Wesley Chapel Methodist

Stewart County
Org 1838
Photography by Morgan Bryce

We do not know a lot about Wesley Chapel Methodist in remote Stewart County other than the church was organized in 1838 on 2 1/5 acres sold to the church by J. A. Everett for one dollar.  And we know that Thomas House deeded land for the adjoining cemetery.  The  SGA Conference history also tells us the the church was once the site of a two story structure that served as both a Masonic Temple and a school.  Both were destroyed by a tornado but the church was spared.  We are not sure when the present 19th century church was constructed, but the striking cemetery contains graves dating back to the 1840s.

To put the church into proper historical perspective, Stewart County was formed shortly after the Second Treaty of Indian Springs in 1825.  The Coweta headman, William McIntosh along with six other chiefs, signed the Treaty of Indian Springs ceding all remaining Creek land in Georgia and a large portion of Creek land in Alabama to the federal government in exchange for a large sum of money and territory in present-day Oklahoma.  From a white perspective, the final push to the Chattahoochee River on the Alabama border was now complete. 

However, the treaty was condemned by the Creek leadership council who maintained that McIntosh did not have the authority to sign such a treaty and condemned him to death.  The sentence was swiftly enforced.  On April 29, 1825 the Upper Creek chief Menewa took 200 warriors to attack McIntosh at his plantation on the Chattahoochee River in present-day Carroll County, Georgia. They killed him and two other signatories, and set fire to the house.  The hostilities continued until June 9, 1836 when Georgia Militia fought the Creeks at the Battle of Shepherd’s Plantation, approximately thirteen miles away.  They took heavy casualties but the Creeks finally retreated across the Chattahoochee into Alabama, ending the final engagement of the Creek War in Georgia;.

During this period, Stewart County was formed in 1830, and soon witnessed a rapid increase in population as settlers poured in.  Stewart soon became one of Georgia’s top-three cotton producers (more than 7.6 million pounds in 1850).  In spite of this initial prosperity, the county soon began a long decline due primarily to poor farming practices leading to devastating soil erosion. Underlying soil structures in the area yielded multiple gullies in place of the once-fertile crop fields. As the soil washed away, so too did Stewart County’s economic strength, and the county lost population in every decade of the twentieth century.  Providence Canyon State Park, created in 1971, is a testament to the dramatic soil erosion that created this tourist attraction.

This little church has been witness to the rise and fall of Stewart County.  The cemetery is a dramatic testament to these early settlers who carved out a cotton empire in the early 19th century.  The church as been inactive for some time, but she is still proudly standing on this site since 1838.  She is a wonderful example of the Georgia history that is personified in these old treasures.  Be sure to click and scroll the gallery photos below for more information about Wesley Chapel Methodist and people who built her.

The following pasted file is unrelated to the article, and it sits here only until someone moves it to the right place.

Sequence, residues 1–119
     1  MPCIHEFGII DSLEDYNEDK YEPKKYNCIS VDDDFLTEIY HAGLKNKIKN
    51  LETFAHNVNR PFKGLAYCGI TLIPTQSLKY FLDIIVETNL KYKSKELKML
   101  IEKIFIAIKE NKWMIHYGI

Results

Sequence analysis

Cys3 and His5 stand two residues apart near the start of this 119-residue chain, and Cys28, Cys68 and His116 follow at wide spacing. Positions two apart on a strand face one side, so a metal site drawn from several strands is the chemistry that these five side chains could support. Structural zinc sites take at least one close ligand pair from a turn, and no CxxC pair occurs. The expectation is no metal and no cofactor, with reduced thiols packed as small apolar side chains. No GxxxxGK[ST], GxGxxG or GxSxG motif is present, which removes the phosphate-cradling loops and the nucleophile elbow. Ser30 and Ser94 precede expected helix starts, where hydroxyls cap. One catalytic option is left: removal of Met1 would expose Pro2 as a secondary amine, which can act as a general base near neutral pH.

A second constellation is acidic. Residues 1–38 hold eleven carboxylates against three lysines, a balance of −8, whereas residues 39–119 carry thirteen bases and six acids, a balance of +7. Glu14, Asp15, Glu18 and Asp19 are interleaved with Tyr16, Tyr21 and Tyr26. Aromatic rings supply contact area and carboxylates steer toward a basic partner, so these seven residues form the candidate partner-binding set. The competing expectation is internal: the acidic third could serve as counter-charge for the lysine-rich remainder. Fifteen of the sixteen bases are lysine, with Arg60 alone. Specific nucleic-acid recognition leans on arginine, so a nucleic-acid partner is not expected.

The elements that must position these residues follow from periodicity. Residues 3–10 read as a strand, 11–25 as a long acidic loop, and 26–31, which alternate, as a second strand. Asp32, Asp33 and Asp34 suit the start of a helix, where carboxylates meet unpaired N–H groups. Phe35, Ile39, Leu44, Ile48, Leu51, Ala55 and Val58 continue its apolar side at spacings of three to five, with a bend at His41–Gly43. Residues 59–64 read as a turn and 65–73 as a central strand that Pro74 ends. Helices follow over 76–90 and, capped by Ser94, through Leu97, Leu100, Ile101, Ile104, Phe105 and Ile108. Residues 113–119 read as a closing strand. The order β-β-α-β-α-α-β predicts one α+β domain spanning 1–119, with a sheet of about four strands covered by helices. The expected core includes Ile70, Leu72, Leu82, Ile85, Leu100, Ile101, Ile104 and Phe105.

Note:  The following history was received from James Duke.  It explains the double entrances in the back as well as the front.  It also explains the addition of the side entrance converted from a window.

My father, Rev. Earl Duke, Sr. was pastor of Wesley Chapel as part of the Lumpkin Charge from 1957-1962. At first its preaching service was one Sunday a month. Later, the congregation changed that to two 9:30 services a month, after which Dad would rush back to Lumpkin for the 11:00 am Service. At first the Church was one big room; any gatherings with food were held “on the grounds.” The congregation wanted to have a fellowship hall in the back, which was used only for funerals. Plus, the pulpit end had the same two doors; one was the way most people entered. If you were running late, you came in right by the preacher! I was an architecture student at Auburn 1959-1961 (before I answered my call to ministry). I went out with my sister, measured all the openings and then drew a plan to enclose 15 feet at the back end with a wall that included folding doors (for extra seating during funerals.) It also turned a window into a side entrance, replacing the pulpit one. A local builder used the plans, resulting in the side entrance noted in the text and a fellowship room which served the congregation well for several more years. I’m told they kept the plans, done on notebook paper, in the piano bench; not sure what happened to them after the congregation merged with Lumpkin.


In 2024, we were informed that this church is no longer standing. According to a local report, the fellowship hall still stands but the church is gone and the land has been graded over.

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